That's where nurture comes in, and that's where Missouri's current players say Kuligowski excels.
"Michael Sam isn't out there running the drills," offensive tackle Justin Britt said. "He's a coach for a reason. Who would have known that Michael Sam would have come out and done that this year?
"He's a good coach and he just finds a way to make it happen, but it's not just happening with Michael Sam. Markus Golden, he's turning him into a really good player. Kony Ealy, of course, has been a really good player. Shane Ray, he's got that speed. He just finds what works with each player and then I think he just finds ways to input that into the game."
Missouri's offensive line is a good place to start when talking about the defensive line, because no one goes against each other more. And, one viewing of practice shows that the one-on-one match-ups don't always end in begrudging respect.
So when the Tigers' offensive line is effusive in its praise for its counterparts, as it's been nearly all season, it's true.
"Coach Kool, he's a smart, smart defensive line coach," center Evan Boehm said. "He handles the defensive line the perfect way you need to handle the defensive line."
His defensive linemen say that it's Kuligowski's personality, not just his history, that makes them want to play for him.
"He's full of energy and passion about the game," Ealy said. "A great mentor, like a secondary father. He's not going to tell you anything wrong. He's not going to tell you anything to make you mad or hurt your feelings. He's going to tell you what you need to know so you can better yourself.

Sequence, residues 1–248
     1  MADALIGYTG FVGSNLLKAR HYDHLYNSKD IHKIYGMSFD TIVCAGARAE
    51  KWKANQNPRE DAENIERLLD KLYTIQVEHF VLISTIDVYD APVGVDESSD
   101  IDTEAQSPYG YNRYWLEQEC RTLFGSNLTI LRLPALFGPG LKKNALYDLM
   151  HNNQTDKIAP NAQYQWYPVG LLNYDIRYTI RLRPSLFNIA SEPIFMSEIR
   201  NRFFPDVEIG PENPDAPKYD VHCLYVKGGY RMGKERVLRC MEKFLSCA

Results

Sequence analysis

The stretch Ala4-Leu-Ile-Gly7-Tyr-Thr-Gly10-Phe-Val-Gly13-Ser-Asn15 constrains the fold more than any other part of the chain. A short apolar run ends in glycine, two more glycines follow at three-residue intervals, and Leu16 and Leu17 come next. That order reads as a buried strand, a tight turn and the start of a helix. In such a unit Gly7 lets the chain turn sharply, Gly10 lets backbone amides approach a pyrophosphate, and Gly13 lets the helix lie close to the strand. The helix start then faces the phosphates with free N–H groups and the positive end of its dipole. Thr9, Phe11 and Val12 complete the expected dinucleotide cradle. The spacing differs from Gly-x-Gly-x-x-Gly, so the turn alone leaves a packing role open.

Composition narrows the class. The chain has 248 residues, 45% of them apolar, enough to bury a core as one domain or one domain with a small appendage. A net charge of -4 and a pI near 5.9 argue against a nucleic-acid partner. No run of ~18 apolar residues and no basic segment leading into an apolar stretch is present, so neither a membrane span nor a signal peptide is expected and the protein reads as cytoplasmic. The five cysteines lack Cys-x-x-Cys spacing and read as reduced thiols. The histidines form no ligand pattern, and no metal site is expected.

"He's made my stay here a lot easier, when I've been hard-headed and didn't listen. What he says and what he brings to the table is true. If you listen to him and follow what he says, you find yourself having a lot of success."
"Most meeting rooms, they're all sit up, serious," Lucas Vincent said. "Our meeting room's not like that. It's actually fun. He lets us be ourselves in there. He lets us have fun and everything, and it makes us want to go out there and work."
That fun is carrying over onto the field, and no one is having a better time than Missouri's defensive line this season. Kuligowski, the man behind the line, is the puppet master, pulling the strings for a deep, varied assortment of linemen. All along, he's had successful players, but sometimes, things just come together in one season.
That's happening now. Missouri's defensive line seems to be the big reason why the reputation for Missouri has shifted from skill positions, from the offense, to the trenches. And while it's another line in Kuligowski's resumé, another flyer to send to recruits, perhaps another oversized portrait painted on the wall of Missouri's athletic center, Kuligowski is just focused on this team and this game and this season.
"I'd like to be a (head) coach someday, but I just want to do the best job at what I'm doing right now," Kuligowski said.
Through seven games, no one can disagree with that.